of the Holy SPIRIT, is to make us like Him who suffered all pain, physical and moral, sin excepted, in its fulness. We know what His character was; how grave and subdued His speech, His manner, His acts; what calmness, self-possession, tenderness, and endurance; how He resisted evil; how He turned His cheek to the smiter; how He blessed when persecuted; how He resigned Himself to His God and Father, how He suffered silently, and opened not His mouth, when accused maliciously.
Alas! so it is; not only does the world not imitate such a temper of mind as this; but, if the truth must be spoken, it despises it. As regards, indeed, our Lord's instance itself, the force of education, habit, custom, fear of each other, and some
remaining awe, keep it from reflecting upon the notes of character which the Gospels ascribe to Him, but in His followers, it does discern them, it understands and it condemns them. We are bidden lend and give, asking for nothing again ; revenge not ourselves ; give our cloak when our coat is taken; offer the left cheek when the right is smitten; suffer without complaint; account persons better than they are; keep from bitter words ; pray only when others would be restless to act; deny ourselves for the sake of others; live contented with what we are; preserve an ignorance of sin and of the world : what is all this, but a character of mind which the world scorns and ridicules even more than it hates ? a character which seems to court insult, because it endures it? Is not this what men of the world would say of such a one? “such a man is unfit for life; he has no eye for any thing; he does not know the difference between good and
he is tame and spiritless, he is simple and dull, and a fit prey for the spoiler or defrauder; he is cowardly and narrowminded, unmanly, feeble, superstitious, and a dreamer,” with many other words more contemptuous and more familiar than would be becoming to use in Church. Yet such is the character of which CHRIST gave us the pattern; such was the character of Apostles ; such the character which has even conquered the world. “In much patience, in afflictions, in necessities, in distresses, in stripes, in imprisonments, in watchings, in fastings, by pureness, by knowledge, by long-suffering, by kindness, by the Holy Ghost, by love unfeigned, by the word of truth, by the power of God, by the armour of righteousness on the right hand and on the left, by honour and dishonour, by evil report and good report, as deceivers and yet true, as chastened and not killed, as sorrowful yet alway rejoicing;"—these are the weapons of our warfare, “which are not carnal, but mighty through God to the pulling down of strong holds." These are despised by the world, but they have subdued the world. Nay, though they seem most unmanly, they in the event have proved most heroic. For the heroical character springs out of them. He who has thrown himself out of this world, alone can overcome it; he who has cut himself loose of it, alone cannot be touched by it; he alone can be courageous, who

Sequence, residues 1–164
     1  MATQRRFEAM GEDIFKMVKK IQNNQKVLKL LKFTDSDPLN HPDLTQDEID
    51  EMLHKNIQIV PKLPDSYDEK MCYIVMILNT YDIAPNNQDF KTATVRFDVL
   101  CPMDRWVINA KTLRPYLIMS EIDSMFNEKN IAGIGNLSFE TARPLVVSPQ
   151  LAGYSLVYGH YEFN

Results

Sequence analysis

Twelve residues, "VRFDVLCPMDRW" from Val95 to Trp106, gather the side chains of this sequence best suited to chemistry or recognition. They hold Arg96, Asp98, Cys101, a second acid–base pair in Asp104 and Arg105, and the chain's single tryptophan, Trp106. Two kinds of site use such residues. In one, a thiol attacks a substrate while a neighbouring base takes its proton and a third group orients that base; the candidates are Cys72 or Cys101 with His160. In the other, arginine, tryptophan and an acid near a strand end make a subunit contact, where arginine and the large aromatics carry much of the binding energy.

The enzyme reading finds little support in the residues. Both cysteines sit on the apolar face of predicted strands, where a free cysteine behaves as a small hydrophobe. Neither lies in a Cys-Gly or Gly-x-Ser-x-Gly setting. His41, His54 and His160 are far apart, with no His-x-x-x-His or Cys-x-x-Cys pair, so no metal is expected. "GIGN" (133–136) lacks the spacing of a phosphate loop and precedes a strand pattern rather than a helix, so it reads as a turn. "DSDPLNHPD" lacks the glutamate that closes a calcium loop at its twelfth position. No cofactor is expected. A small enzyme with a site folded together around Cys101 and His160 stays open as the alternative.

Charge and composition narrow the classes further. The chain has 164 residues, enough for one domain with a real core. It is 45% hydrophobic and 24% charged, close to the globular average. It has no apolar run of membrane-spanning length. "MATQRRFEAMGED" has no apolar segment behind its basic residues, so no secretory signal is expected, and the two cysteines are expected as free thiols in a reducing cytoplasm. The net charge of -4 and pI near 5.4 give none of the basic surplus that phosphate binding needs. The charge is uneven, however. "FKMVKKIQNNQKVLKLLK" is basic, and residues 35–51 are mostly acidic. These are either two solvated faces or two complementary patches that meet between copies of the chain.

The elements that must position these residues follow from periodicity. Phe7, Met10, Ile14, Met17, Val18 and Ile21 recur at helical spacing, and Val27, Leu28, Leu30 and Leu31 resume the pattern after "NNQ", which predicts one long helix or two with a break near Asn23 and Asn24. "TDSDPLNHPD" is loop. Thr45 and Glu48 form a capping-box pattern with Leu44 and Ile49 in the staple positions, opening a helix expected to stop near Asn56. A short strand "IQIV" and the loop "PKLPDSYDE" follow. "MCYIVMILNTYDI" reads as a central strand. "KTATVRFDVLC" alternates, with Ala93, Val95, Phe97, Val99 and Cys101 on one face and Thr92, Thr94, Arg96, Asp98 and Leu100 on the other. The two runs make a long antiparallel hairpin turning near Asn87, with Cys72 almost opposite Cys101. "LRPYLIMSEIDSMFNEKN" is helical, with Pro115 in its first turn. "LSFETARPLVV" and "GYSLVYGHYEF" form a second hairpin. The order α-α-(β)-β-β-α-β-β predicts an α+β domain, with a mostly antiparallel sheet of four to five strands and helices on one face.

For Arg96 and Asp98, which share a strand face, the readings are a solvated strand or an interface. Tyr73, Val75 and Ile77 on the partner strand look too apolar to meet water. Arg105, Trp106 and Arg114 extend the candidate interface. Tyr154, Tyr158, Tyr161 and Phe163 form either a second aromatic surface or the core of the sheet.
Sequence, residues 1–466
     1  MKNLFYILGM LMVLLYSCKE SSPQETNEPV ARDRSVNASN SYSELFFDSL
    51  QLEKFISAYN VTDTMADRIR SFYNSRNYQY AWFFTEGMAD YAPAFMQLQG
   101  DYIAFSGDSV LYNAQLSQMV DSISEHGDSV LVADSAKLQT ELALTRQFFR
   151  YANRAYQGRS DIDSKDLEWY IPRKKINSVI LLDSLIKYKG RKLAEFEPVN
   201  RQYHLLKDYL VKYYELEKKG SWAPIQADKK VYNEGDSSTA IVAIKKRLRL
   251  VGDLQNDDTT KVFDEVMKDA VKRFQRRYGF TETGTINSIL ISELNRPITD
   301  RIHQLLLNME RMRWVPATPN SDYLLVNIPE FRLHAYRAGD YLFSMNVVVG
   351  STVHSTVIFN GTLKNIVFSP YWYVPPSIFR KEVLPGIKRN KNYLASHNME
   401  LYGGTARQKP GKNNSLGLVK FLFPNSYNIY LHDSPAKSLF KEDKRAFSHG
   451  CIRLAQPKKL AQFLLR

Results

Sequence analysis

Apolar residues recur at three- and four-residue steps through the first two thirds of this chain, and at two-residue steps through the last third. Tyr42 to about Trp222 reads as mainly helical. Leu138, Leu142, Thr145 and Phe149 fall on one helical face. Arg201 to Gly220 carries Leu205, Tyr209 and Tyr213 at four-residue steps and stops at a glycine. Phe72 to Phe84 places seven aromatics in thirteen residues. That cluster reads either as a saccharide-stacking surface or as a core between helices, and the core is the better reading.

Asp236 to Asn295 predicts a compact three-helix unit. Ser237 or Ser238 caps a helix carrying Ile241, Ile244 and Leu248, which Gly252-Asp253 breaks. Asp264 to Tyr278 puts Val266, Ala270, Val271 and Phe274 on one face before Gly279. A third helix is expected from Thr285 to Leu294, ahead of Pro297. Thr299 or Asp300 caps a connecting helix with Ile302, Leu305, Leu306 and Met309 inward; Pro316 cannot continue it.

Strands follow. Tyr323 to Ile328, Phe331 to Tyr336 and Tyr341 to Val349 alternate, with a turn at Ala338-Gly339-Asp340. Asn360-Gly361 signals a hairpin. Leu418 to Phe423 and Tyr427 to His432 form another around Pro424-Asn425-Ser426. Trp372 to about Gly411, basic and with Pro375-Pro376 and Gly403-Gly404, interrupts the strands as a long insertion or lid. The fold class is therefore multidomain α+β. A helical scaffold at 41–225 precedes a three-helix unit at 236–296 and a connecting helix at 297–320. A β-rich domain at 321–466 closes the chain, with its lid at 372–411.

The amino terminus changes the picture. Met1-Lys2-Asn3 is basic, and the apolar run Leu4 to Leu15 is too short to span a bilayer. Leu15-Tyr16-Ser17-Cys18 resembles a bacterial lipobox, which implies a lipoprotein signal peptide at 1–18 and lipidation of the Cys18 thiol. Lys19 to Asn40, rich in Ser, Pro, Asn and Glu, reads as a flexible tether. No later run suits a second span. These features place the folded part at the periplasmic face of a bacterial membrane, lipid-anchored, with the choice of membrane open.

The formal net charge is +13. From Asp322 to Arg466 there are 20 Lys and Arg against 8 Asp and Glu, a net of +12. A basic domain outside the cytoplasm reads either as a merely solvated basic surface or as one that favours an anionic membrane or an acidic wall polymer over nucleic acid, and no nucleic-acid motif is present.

6 2 Cor. vi. 4-10. x. 4.
does not fear it; he alone firm, who is not moved by it; he alone severe with it, who does not love it. Despair makes men bold, and so it is that he who has nothing to hope from the world, has nothing to fear from it. He who has really tasted of the true Cross, can taste no bitterer pain, no keener joy.
I have been trying to urge on you, my brethren, that the taking of Christ's yoke, and learning of Him, is something very distinct and special, and very unlike any other service and character. It is the result of a change from a state of nature, a change so great as to be called a death or even a crucifixion of our natural state. Never allow yourselves, my brethren, to fancy that the true Christian character can coalesce with this world's character, or is the world's character improved-merely a superior kind of worldly character. No, it is a new character; or, as St. Paul words it, a new creation.” Speaking of the Cross of CHRIST,
“ God forbid that I should glory save in the Cross of our LORD JESUS CHRIST, by whom the world is crucified unto me, and I unto the world. For in CARIST JEsus neither circumcision availeth any thing nor uncircumcision, but a new creature?.” It is a new character, and it is one ; it is ever one and the same. It is not one in Apostles, and another in the Christian of this day; not one in the high, another in the low; one in rich, another in poor; one in Englishman, another in foreigner ; one in man, another in woman. Where Christ is put on, St. Paul tells us, there is neither Jew nor Greek, bond nor free, male, nor female, but all are one in CHRIST JESUS 8. What Lazarus is, that must Dives become; what Apostles were, that must each of us be. The high in this world think it suitable in them to show a certain pride and selfconfidence ; the wealthy claim deference on account of their wealth; kings and princes think themselves above instruction from any; men in the middle ranks consider it enough to be decent and respectable, and deem sanctity superfluous in them; the
poor think to be saved by their poverty ;-but to one and all CHRIST speaks,“ Come unto Me,'
." « Learn of ME.” There is but one Cross and one character of mind formed by it; and nothing can be further from it than those tempers and dispositions in which the greater part of men called Christians live. To have
7 Gal. vi. 14, 15.
& Gal. iii, 28.